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PIC32MX Port Interrupts question

Posted by reSpawn on January 17, 2011
Hello,
I downloaded the FreeRTOS port and I made a simple interrupt driven UART. While looking through the example I noticed that the demo defines an InterruptHandler and an InterruptWrapper. The wrapper is declared as an interrupt like this void __attribute__( (interrupt(ipl2), vector(_UART1_VECTOR))) vU1InterruptWrapper( void ); and is defined in a .S file like this:

.set noreorder
.set noat
.ent vU1InterruptWrapper

vU1InterruptWrapper:

portSAVE_CONTEXT
jal vU1InterruptHandler
nop
portRESTORE_CONTEXT

.end vU1InterruptWrapper

The InterruptHandler is a regular function ( void vU1InterruptHandler(void) ). As far as I know, the compiler generates prologue and epilogue for functions with the interrupt attribute (there is an attribute which tells him not to) and I'm worried that what I'm actually getting here, is saving the context twice, and restoring it twice.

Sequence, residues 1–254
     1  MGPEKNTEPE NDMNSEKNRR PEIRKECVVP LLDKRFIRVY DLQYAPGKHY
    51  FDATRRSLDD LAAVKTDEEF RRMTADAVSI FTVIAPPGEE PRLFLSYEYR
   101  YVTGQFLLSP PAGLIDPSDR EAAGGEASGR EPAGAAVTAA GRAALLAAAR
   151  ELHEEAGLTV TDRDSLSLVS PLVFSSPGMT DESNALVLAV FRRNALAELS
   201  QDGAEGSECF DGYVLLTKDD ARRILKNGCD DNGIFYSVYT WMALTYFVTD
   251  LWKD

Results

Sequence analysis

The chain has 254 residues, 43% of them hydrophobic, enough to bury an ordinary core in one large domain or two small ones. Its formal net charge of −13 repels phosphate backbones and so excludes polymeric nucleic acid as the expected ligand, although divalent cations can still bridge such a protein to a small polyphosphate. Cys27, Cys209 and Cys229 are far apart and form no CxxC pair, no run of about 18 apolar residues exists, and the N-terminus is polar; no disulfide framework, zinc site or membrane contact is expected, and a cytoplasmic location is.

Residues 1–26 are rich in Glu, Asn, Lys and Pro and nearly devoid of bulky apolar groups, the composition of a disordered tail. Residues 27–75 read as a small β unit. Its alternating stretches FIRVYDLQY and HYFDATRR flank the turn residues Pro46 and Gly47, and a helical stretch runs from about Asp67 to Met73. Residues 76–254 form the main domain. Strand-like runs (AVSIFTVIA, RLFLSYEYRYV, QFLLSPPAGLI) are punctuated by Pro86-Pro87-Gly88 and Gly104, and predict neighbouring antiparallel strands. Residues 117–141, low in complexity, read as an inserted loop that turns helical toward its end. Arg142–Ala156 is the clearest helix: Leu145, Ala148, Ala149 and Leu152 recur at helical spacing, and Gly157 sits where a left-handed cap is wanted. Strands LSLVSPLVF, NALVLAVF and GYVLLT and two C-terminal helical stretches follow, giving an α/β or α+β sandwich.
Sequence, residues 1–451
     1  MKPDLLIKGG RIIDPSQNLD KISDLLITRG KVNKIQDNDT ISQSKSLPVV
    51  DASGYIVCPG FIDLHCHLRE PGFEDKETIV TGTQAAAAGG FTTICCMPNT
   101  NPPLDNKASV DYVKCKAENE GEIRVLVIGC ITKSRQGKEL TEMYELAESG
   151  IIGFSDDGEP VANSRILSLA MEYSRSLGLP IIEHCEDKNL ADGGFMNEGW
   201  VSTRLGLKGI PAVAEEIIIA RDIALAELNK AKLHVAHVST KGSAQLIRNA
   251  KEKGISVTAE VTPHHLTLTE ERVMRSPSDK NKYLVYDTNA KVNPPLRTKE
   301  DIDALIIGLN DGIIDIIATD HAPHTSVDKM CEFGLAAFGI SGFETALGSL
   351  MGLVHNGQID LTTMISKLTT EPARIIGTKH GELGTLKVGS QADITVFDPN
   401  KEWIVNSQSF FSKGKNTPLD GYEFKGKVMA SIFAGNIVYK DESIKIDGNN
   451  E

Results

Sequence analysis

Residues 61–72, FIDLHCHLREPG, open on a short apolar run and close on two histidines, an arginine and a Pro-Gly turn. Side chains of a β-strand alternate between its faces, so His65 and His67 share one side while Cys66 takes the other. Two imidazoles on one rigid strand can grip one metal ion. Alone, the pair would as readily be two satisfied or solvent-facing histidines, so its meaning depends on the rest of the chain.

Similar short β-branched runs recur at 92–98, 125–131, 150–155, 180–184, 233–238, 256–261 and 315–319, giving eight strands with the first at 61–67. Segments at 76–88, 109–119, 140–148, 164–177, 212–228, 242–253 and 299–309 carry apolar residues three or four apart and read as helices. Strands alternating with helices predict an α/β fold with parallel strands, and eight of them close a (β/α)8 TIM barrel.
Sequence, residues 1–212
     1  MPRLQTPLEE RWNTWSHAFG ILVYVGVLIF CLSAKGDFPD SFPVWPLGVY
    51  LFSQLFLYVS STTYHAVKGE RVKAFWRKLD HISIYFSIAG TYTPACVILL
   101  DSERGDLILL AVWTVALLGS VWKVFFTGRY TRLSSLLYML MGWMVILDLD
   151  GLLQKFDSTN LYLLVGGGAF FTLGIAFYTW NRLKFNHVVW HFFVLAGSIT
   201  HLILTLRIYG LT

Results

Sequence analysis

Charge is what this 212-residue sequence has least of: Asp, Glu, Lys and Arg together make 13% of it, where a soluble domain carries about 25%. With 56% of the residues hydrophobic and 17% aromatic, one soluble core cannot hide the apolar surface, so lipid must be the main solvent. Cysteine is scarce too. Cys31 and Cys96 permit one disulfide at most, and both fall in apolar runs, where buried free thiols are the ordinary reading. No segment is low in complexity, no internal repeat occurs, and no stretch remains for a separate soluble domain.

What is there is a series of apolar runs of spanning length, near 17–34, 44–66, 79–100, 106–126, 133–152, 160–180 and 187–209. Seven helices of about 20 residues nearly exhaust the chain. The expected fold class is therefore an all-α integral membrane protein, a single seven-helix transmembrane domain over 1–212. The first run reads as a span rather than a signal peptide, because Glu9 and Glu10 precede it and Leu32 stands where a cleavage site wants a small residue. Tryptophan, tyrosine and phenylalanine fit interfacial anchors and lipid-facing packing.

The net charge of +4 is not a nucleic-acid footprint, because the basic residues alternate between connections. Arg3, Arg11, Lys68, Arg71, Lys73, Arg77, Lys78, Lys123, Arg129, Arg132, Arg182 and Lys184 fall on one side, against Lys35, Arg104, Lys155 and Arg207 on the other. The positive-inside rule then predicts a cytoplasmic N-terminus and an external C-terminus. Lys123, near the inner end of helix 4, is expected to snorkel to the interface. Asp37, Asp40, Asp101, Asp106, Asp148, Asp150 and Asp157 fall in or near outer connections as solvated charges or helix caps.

Any thoughts?

RE: PIC32MX Port Interrupts question

Posted by Richard on January 17, 2011
I'm not quite following your question here.

The wrapper is an assembly function, so not compiled at all and will therefore not have a compiler generated prologue or epilogue sequence. The FreeRTOS provided prologue/epilogue in the portSAVE_CONTEXT() and portRESTORE_CONTEXT() macros switches the stack to an interrupt stack to save RAM (each task does not need to have a stack large enough to handle all the nested interrupts).

The function vU1InterruptHandler is just a standard function. The prologue generated for that will be much smaller than that generated for an interrupt function written in C, and will use the interrupt stack, not the task stack.

Hopefully I will have answered your question but I'm not sure. In any case, if you want to know what is being saved and restored by the compiler just look at the code it generates.

Regards.


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